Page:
Fact: Larry Johnson and Ohio State will have one of the deepest and most talented defensive lines in college football this fall.
Fact: The essential reason the first fact is true is due to an astounding amount of elite talent at defensive end. And Dre'Mont Jones.
“Dre’Mont Jones is really turning into a fine player here for us,” Urban Meyer said this spring about the redshirt sophomore. “We have five premier [defensive linemen] in my mind with four defensive ends and Dre’Mont Jones that I’d like to see all five on the field at one time.”
While the latter half of that quote stirred up a multitude of ideas in the heads of fans and reporters, Larry Johnson did his best to squash the thought of the Buckeyes unleashing five of his horses in one package on Ohio State's defensive line. Another quote from Meyer leaves the head coach's thoughts about the consistencies of the rest of his defensive tackles in question, however.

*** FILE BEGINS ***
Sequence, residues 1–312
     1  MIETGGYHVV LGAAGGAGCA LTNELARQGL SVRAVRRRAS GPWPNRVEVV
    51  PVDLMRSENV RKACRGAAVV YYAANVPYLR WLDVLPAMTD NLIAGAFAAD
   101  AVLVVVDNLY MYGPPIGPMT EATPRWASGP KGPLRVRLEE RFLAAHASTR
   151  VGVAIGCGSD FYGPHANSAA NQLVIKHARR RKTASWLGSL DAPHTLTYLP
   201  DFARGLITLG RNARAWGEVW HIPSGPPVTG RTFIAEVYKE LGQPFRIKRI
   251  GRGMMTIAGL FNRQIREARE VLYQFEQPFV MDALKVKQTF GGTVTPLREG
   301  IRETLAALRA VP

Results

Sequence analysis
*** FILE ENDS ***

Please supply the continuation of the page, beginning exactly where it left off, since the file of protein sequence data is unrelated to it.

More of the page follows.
“The other side, we're hoping that Tracy Sprinkle can give us some depth and be the guy we thought he was going to be before he got hurt,” he said.
Sprinkle left Ohio State's 77-10 season-opening victory over Bowling Green last September with a patella injury that cost him the rest of the year. That opened the door for Jones to burst into the spotlight, which he did using his quick twitch and fine technique to wreak havoc on opposing backfields. Jones finished his first year of playing for the Buckeyes with 52 total tackles, a mark that ranked sixth on the team and highest among all Ohio State defensive linemen.
The next-highest tally among defensive tackles for the 2016 season came from Mike Hill, who recorded 21 stops. Robert Landers, another redshirt freshman, brilliantly used his diminutive stature to get underneath blockers and shoot into the backfield at a similar rate as Jones and finished with 7.5 tackles for loss — good for fifth on the team.